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March Scopes is the Pioneer in the use of ED lens, Super ED lens, Temperature anti-drift lens system. Classification of March Scopes by lenses

Posted 09/13/2021

Lenses are one of the most important aspects of any rifle scopes. They are one of the most expensive components to produce. The clearer the lens, the clearer the image. Unfortunately, it’s also one of the most difficult parts of a scope to assess. Even if you can look through a scope in a store, it’s difficult to find out how clear the lens is. At DEON (manufacturer of March Scopes), we try to seek the very best Japanese made lenses that meet up to March standards searching even outside the optics industry in order to provide the best scopes ever.

 

DEON is the pioneer in using ED lens, Super ED lens, Temperature anti-drift lens system in riflescopes. All current production March riflescopes except for the 24mm objectives have at least ED glass. We also use the top quality multi-coating where the transmittance is very near 100% having the effect of presenting very natural colors, and high overall light transmittance. You can learn the details below and at the bottom I have stated “(5)Classification of March Scopes by lenses” so you can easily tell which model adopts what kind of lenses.

(1) ED lens

ED stands for Extra-low Dispersion. ED lens disperses light less than ordinary lens and reduces chromatic aberration. Chromatic aberration normally appears when you are looking at a white object such as a white swan. There will be a color blur at the border line between the white object and the background. To reduce chromatic aberration, we incorporate ED lens for most of our scopes though they are more expensive than ordinary lens.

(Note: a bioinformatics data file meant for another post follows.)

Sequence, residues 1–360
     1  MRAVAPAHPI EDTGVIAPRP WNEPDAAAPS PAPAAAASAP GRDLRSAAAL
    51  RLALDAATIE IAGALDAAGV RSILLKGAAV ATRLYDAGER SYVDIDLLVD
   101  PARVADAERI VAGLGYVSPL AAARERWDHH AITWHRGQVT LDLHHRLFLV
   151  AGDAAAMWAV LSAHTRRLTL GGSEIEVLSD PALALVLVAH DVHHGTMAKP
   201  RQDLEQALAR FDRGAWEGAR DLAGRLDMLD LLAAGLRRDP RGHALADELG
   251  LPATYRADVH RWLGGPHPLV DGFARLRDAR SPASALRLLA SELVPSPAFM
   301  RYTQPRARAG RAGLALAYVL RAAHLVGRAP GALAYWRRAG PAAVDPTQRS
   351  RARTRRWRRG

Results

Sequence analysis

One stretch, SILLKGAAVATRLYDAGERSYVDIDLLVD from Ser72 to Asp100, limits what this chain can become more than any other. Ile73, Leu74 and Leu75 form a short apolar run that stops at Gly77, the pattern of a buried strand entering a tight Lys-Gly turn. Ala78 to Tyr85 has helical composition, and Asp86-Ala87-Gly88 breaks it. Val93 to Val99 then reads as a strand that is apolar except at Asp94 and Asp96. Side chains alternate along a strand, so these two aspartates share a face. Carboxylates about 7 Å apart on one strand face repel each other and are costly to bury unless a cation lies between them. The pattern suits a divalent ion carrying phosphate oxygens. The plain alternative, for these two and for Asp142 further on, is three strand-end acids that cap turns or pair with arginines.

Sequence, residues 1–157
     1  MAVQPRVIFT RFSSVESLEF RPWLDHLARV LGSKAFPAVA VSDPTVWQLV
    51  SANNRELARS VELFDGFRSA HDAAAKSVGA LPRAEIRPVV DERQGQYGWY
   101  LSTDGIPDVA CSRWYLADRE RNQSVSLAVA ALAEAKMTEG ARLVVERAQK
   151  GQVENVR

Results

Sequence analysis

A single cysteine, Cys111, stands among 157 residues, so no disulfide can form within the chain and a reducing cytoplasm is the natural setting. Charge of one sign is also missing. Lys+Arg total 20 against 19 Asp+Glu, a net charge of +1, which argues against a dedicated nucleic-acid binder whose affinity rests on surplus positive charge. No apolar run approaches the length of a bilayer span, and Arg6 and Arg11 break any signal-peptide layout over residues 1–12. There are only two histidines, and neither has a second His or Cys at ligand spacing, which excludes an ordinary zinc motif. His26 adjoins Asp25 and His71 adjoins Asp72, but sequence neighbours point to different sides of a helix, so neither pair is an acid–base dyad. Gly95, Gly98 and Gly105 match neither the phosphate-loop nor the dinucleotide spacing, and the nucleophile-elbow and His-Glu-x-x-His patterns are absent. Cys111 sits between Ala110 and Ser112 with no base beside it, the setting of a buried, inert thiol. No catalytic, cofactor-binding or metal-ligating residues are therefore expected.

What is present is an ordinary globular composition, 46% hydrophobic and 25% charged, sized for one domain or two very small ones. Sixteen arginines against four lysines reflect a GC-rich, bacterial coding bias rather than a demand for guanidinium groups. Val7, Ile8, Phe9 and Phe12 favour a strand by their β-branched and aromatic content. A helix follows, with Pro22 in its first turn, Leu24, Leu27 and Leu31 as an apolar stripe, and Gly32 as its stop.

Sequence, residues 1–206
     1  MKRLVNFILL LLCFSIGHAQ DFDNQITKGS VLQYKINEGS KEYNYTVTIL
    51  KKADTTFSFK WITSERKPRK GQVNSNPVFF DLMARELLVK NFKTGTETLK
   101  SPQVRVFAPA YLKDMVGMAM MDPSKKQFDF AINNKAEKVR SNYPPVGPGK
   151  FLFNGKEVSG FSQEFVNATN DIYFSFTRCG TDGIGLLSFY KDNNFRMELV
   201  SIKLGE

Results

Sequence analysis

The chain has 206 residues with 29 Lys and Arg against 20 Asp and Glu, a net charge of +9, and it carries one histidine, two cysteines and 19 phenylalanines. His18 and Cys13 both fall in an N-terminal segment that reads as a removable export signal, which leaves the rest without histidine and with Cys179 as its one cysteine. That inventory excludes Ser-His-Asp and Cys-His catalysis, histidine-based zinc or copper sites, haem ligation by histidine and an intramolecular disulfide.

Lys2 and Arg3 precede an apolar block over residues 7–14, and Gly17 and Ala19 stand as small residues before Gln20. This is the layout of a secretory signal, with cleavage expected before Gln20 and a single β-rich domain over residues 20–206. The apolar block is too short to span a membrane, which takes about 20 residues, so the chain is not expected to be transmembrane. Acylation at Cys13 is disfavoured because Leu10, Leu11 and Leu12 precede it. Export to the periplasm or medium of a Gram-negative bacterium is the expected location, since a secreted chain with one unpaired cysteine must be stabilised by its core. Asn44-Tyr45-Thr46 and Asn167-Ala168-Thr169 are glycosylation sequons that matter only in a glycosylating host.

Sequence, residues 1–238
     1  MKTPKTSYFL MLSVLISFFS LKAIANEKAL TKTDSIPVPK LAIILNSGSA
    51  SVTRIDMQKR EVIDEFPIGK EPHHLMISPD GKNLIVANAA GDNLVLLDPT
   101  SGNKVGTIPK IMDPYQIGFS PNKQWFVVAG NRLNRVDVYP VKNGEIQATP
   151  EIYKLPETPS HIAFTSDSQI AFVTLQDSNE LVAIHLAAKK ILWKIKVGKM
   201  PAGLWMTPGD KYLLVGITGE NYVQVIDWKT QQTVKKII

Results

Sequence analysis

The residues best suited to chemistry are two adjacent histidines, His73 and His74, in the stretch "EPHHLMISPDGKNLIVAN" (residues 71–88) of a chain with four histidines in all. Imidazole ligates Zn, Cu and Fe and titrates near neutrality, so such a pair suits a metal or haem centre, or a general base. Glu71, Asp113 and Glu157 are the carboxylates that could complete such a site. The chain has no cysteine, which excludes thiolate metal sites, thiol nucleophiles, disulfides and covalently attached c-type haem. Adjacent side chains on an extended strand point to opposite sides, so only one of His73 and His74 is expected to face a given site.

13 years ago, when we assembled ED lens into the newly launched 40×52 Benchrest scope, ED lens was not used in any other riflescopes then. (*40×52 is no longer available and has been upgraded to 48×52) At that time, ED lens was only used in cameras, high magnification telescopes, and high-end spotting scopes. March Scopes was the first riflescope manufacturer to adopt ED lens. We have started the trend and now other scope manufacturers use ED lens for high magnification and high-end scopes.

 

(2) Super ED lens

Incredible Super ED lens formula is closer to fluorite than ED lens for superior correction of chromatic aberration. The resulting sight picture provides unsurpassed edge to edge definition and renders color in true-to-life hues across the entire field of view. By using Super ED lens elements, we can suppress chromatic aberration even more than with ED lenses and thus produce a sharper image with greater contrast, while still having a strong scope. Super ED lens was first developed by Nikon to use in a camera. March Scopes is the first to adopt the Super ED lens and is still the only scope manufacturer assembling it in riflescopes.

In 2017, we started adopting Super ED lens for High Master model March Scopes. Our High Master models (SFP : 48×52, 40-60×52,10-60×56, FFP : 4.5-28×52, 5-42×56, 4-40×52, 6-60×56) are favored by many shooters. This is because the High Master Lens System adopted in all the High Master models exhibits outstanding clarity. The High Master Lens System incorporates 2 Super ED lens elements within its lens system.